Common Epoxy Flooring Installation Mistakes
Epoxy floors are becoming more popular by the day. They are by far the most versatile flooring option, not only in terms of design, but also in terms of special properties. Epoxy coatings can have different compositions in order to meet special business needs like intense traffic, special sanitary requirements or resistance to harsh chemicals. As you can imagine, this makes them ideal for most industrial and commercial spaces. However, there are some people who have had bad experiences with these floors. In most cases, the problems were caused by some basic installation mistakes. Here’s what usually goes wrong;
The epoxy coat is installed on a bad surface
First of all, epoxy coatings need to be installed on a porous surface. Concrete is the preferred choice, but any other porous surface can work just as well. Moreover, even if you have a porous surface to begin with, you still need to prep it properly. The surface needs to be washed and vacuumed to remove all dirt, after which, it needs to be allowed enough time to dry completely. If the initial surface is not dry enough, the moisture will remain trapped underneath the epoxy coat, since epoxy flooring doesn’t breathe at all. Once it starts evaporating, it will cause bubbles and other damages in the epoxy coat. Ideally, you should hire professional contractors to install these floors, because they have the proper equipment for prepping the initial surface and for installing the epoxy coat.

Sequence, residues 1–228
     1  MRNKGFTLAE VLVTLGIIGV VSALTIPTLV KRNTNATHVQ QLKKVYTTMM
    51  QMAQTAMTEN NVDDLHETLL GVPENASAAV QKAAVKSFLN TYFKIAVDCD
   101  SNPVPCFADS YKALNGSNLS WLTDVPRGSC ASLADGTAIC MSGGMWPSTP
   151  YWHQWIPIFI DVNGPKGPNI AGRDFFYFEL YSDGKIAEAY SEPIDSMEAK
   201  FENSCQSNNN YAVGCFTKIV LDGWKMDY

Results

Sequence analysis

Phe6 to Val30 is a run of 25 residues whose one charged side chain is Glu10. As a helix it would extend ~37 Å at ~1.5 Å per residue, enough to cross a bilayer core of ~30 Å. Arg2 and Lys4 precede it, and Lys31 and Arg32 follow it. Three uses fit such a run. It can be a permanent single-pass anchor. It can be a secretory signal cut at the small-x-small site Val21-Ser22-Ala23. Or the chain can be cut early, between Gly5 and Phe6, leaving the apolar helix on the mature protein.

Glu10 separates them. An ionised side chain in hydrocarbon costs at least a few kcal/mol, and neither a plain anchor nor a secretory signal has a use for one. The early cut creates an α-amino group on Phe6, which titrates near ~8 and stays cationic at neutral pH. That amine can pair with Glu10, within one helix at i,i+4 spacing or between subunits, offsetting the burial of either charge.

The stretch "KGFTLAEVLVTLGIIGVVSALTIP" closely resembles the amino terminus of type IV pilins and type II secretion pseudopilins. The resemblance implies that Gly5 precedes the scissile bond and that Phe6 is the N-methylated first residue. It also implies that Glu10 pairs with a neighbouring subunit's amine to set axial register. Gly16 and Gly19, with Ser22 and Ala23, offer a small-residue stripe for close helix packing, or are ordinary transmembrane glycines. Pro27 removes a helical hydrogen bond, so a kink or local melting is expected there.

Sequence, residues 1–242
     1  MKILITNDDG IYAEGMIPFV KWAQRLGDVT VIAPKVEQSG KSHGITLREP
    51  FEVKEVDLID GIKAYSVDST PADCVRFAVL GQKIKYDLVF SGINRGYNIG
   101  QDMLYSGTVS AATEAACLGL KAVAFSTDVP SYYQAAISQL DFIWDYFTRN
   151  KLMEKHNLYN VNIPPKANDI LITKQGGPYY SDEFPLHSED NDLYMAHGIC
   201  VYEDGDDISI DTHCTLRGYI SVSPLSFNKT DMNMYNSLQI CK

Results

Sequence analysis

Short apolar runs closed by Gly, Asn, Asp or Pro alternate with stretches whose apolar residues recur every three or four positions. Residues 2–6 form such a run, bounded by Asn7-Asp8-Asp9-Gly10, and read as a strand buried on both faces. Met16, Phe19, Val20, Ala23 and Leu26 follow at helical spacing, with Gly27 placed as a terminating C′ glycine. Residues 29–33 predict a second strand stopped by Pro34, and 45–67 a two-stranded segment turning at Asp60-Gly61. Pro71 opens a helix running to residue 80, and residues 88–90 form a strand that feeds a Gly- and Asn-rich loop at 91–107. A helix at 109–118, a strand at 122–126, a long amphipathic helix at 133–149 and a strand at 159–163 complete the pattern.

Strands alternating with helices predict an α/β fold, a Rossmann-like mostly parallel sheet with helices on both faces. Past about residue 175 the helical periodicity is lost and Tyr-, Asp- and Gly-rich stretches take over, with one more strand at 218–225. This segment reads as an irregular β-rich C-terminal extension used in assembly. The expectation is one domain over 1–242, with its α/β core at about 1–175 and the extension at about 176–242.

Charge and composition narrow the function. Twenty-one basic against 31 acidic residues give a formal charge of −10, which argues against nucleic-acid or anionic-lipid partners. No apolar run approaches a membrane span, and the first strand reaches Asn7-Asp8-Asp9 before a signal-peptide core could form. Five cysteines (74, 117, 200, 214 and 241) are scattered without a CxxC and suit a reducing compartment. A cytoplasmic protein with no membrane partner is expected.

A poor substrate
It is very common to install epoxy flooring on old concrete slabs. However, while age is not a problem for the substrate surface, a poor-quality concrete can ruin your epoxy floors. This can sometimes happen if the epoxy bond is stronger than the concrete, in which case, the concrete will start separating from itself, completely ruining the epoxy floors. Moreover, if you are dealing with another type of substrate, other than concrete, make sure it is suitable for epoxy coatings. As we already mentioned, most porous surfaces can work, but there are some substrates that would never work such as wood or plywood.
In an effort to save some money, people often choose cheap primers, or they decide to take a risk and they don’t use any primer at all. However, just like paint, epoxy coats require a good primer in order to adhere properly, and that primer should match the specific requirements of the substrate.